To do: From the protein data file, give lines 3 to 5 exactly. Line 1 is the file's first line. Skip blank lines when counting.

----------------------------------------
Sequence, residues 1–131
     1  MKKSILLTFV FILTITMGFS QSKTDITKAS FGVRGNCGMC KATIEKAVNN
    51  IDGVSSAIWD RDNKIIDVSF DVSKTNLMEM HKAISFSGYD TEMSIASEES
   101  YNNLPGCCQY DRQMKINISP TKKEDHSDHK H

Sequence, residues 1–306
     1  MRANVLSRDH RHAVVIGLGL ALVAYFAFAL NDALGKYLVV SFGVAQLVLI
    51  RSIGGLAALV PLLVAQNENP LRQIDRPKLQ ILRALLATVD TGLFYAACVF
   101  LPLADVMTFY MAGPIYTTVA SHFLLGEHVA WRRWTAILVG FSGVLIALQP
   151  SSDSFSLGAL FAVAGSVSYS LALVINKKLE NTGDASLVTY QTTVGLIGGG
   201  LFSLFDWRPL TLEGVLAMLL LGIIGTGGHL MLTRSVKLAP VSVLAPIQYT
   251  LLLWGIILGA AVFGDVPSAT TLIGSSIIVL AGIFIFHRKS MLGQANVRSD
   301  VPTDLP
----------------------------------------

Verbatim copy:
    51  IDGVSSAIWD RDNKIIDVSF DVSKTNLMEM HKAISFSGYD TEMSIASEES
   101  YNNLPGCCQY DRQMKINISP TKKEDHSDHK H

Sequence, residues 1–306